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Twelve Tales of Christmas


‘2000 Miles’



For some Christmas music is less a soundtrack to seasonal merriment, and more a bitter reminder of our days in the retail trenches. Ten-hour shifts, five days a week, for a whole month affords you a lot of time to deconstruc­t the awfulness of the Crimbo canon. Joyeux Noel be damned, and I don’t care if David Bowie did a Christmas song – bah humbug! And now, as if it couldn’t get much worse, the frontman of one of my least favourite bands of the early millennium, Keane, has released a solo Christmas album. That’s it, call it off, I’ve had enough!

But wait! Just like George Bailey in It’s A Wonderful Life, I have seen, or at least heard, the light. Tom Chaplin’s ‘Twelve Tales Of Christmas’ is a beautiful, stirring piece of work. Despite being blessed with a distinctiv­e voice, Chaplin’s erstwhile endeavours have very often left me cold; but here, there is a plaintive, soulful quality to his writing. Twelve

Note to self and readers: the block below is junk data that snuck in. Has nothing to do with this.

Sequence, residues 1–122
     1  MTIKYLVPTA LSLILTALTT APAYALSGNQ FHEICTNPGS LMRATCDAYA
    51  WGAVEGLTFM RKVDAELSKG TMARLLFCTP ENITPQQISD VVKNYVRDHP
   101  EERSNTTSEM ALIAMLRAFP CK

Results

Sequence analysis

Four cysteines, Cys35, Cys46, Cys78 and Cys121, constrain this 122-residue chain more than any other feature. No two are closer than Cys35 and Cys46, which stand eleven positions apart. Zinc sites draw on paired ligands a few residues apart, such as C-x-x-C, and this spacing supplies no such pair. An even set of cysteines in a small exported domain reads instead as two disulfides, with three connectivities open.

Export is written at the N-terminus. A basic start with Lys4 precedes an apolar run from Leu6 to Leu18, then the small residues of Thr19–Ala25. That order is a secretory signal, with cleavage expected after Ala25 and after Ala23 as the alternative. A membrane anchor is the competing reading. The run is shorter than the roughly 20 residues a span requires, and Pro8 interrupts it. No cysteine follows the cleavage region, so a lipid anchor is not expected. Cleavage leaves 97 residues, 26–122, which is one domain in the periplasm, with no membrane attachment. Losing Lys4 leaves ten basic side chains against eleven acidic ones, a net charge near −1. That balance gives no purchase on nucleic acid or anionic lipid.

Tales Of Christmas sees Chaplin playing to the more sorrowful aspects of the season – loneliness, isolation, struggle: this is a darkly introspect­ive piece of work. Indeed, it’s best listened to as you sit by the fireplace, sipping a brandy, basking in the shimmering neon glow of some pound shop Christmas lights.

While cover versions abound – including a spacey version of

East 17’s ‘Stay Another Day’, an enthrallin­g take on Joni Mitchell’s ‘River’, and an absolutely gorgeous rendition of The Pretenders’

‘2000 Miles’ – original Chaplin compositio­ns such as ‘For The Lost’ and the sublime ‘Follow My Heart’ offer moving contemplat­ions of vulnerabil­ity. For good measure, the album’s splendid production by David Kosten is lush and haunting.

There are times when the sense of melancholy is almost overwhelmi­ng, but this is an earnest, tender, and romantic effort, which explores the forlorn feelings beneath the festivitie­s. Joyeux Noel, after all! OUT NOW // WAYNE BYRNE

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